Filipinos kick up their heels for good cause
The Filipino community of North Texas rarely hosts an event without dancing. There’s cultural dancing, often by the Maharlika Dancers, who in one number skillfully step around bamboo poles in a dance called tinikling. And there’s also lots of line dancing to pop music. Everyone crowds the dance floor, partnered or not. Dancing and singing filled a glittery ballroom Friday evening at the Wyndham Garden Hotel in Dallas for a fundraiser for the Roscon Foundation. The Dallas-based foundation promotes Filipino arts and tourism and provides scholarships to students in the Philippines.
Carol Smith, chair of the foundation’s executive committee, welcomed guests before the singing began. Edith McCoy sang the U.S. and Filipino national anthems. The main entertainment was provided by Antonio Carnota, a flamenco singer and pianist from Spain, and Jordan Grizzard, a local singer who was on American Idol.
Crystal awards were presented to musical guests and supporters. Then, everyone danced.
To learn more about the nonprofit, visit rosconfoundation.org.
Up next for the Filipino community is a Philippine Independence Day Gala on June 18 at the Westin Park Central in Dallas. For details, visit prdc-dfw.org.
Telugu Association convention
The North American Telugu Association is the leading nonprofit serving the Telugu community of Indian origin living in the United States and Canada. They come from the southern Indian states of Andhra Pradesh and Telangana. About 500,000 Telugu people live in North America. The association brought the 2016 NATA Convention to Dallas last week. About 12,000 were registered to attend the event Friday through Sunday at the Kay Bailey Hutchison Convention Center.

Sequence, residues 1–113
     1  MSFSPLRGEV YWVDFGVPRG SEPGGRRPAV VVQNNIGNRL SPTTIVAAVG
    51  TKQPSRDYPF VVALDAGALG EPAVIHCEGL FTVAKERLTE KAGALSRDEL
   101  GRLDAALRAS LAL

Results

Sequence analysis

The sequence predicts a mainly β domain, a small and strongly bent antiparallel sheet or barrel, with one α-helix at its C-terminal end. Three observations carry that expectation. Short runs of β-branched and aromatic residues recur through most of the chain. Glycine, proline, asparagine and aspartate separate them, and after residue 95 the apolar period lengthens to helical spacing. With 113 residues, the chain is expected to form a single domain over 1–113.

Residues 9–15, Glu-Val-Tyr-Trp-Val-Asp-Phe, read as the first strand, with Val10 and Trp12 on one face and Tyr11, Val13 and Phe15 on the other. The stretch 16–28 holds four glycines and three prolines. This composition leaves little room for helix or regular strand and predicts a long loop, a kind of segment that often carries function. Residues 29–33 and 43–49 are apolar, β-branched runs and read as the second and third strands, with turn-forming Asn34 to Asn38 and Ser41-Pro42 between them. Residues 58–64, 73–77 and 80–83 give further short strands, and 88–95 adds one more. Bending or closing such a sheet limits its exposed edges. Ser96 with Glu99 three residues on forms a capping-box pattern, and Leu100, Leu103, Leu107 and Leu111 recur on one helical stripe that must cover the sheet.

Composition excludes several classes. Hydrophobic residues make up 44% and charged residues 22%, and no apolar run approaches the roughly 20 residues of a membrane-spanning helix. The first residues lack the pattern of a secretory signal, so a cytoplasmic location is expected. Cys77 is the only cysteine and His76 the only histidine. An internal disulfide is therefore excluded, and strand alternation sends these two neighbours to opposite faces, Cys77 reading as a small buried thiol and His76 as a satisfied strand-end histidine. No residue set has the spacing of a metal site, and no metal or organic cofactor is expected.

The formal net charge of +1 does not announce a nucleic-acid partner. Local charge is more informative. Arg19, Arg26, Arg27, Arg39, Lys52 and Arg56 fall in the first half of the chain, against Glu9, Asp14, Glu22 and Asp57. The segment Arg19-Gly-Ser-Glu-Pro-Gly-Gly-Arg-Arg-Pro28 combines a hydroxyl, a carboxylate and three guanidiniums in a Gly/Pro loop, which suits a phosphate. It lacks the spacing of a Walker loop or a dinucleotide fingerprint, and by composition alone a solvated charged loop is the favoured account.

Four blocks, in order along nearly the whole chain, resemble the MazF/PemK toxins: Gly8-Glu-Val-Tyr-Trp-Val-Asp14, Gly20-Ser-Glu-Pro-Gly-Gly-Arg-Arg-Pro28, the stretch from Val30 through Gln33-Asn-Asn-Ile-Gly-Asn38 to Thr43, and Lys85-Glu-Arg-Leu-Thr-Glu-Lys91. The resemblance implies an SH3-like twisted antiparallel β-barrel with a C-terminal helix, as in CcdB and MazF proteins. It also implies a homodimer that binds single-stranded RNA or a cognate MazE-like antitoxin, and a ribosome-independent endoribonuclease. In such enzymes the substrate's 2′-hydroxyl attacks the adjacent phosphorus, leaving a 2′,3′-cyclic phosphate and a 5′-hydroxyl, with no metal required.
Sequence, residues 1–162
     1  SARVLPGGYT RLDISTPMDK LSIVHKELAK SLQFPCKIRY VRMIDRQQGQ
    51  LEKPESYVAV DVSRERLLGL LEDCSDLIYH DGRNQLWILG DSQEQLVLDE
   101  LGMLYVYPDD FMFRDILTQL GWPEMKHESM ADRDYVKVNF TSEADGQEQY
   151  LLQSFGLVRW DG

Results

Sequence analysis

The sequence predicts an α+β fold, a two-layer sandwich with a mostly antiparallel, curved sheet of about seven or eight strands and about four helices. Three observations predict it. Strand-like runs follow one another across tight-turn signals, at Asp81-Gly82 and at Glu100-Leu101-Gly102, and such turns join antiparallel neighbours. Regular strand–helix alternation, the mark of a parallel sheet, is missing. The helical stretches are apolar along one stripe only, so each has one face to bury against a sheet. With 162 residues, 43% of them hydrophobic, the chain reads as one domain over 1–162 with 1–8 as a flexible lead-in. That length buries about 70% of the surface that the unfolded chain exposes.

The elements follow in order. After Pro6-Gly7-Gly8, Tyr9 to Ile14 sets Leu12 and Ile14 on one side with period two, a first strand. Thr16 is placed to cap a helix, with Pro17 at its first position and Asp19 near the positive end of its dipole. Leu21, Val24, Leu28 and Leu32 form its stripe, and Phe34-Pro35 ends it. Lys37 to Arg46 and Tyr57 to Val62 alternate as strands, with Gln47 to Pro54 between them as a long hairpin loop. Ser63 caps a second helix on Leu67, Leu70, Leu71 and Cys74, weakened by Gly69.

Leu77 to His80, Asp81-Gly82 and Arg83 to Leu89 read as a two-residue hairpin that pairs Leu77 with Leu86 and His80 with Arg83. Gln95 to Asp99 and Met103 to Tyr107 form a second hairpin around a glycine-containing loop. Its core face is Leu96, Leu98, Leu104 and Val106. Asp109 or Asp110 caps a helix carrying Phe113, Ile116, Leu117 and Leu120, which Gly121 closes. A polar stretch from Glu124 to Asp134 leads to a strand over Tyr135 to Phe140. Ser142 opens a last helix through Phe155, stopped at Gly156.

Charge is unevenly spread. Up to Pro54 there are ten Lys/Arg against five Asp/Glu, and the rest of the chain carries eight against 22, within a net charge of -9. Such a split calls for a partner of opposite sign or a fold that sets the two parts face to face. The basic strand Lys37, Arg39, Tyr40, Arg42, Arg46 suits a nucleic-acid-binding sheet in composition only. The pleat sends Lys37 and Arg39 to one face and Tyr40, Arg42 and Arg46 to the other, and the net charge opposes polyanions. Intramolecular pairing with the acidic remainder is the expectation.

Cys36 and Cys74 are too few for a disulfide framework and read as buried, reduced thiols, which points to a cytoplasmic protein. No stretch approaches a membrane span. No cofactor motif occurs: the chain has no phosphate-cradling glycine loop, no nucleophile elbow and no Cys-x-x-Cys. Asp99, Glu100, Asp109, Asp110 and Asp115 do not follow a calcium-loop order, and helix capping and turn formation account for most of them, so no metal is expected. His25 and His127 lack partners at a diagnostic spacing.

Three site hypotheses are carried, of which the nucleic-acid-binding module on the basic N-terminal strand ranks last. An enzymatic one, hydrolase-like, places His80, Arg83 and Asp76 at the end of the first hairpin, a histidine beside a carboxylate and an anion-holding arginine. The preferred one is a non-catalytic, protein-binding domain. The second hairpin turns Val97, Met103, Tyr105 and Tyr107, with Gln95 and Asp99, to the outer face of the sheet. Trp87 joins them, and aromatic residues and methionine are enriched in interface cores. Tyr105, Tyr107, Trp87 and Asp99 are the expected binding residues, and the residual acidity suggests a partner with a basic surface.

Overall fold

The convention included the presentation of the prestigious Service Award to Moncho Ferrer. He is the son of Vicente Ferrer of the Vicente Ferrer Foundation, a global nonprofit based in the United States and Spain that helps those at the bottom of the Indian caste system. To learn more, visit vicenteferrer.org.
Spelling, geography bees
Last week, two national bees showcased smart kids who know how to spell and who know geography. Both titles were captured by Indian-American students. What’s even more noteworthy is that Indian Americans dominated the top 10 finalists in both competitions.
In the both contests, seven of the 10 finalists were of Indian origin. Two of those finalists were from Dallas County: Pranay Varada of Irving, who finished sixth in the National Geographic Bee Championship, and Smrithi Upadhyayula of Coppell, who finished fifth in the Scripps National Spelling Bee.
The Maharlika Dancers performed at Friday’s benefit for the Roscon Foundation at the Wyndham Garden Hotel in Dallas.